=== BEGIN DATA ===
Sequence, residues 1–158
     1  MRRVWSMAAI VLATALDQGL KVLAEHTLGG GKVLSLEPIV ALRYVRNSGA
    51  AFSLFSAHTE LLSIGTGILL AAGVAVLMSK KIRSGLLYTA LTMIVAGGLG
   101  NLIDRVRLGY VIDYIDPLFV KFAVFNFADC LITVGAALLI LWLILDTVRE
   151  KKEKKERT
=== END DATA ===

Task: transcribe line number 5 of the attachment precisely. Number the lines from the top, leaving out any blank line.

   151  KKEKKERT